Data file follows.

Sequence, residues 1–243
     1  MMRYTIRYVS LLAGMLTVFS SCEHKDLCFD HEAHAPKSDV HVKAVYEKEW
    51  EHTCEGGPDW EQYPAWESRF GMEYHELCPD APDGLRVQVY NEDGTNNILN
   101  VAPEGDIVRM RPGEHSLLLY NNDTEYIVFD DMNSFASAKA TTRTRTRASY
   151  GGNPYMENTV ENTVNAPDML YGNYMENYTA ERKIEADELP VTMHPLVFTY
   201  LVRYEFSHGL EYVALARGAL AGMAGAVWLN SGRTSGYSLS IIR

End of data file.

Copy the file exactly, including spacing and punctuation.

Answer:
Sequence, residues 1–243
     1  MMRYTIRYVS LLAGMLTVFS SCEHKDLCFD HEAHAPKSDV HVKAVYEKEW
    51  EHTCEGGPDW EQYPAWESRF GMEYHELCPD APDGLRVQVY NEDGTNNILN
   101  VAPEGDIVRM RPGEHSLLLY NNDTEYIVFD DMNSFASAKA TTRTRTRASY
   151  GGNPYMENTV ENTVNAPDML YGNYMENYTA ERKIEADELP VTMHPLVFTY
   201  LVRYEFSHGL EYVALARGAL AGMAGAVWLN SGRTSGYSLS IIR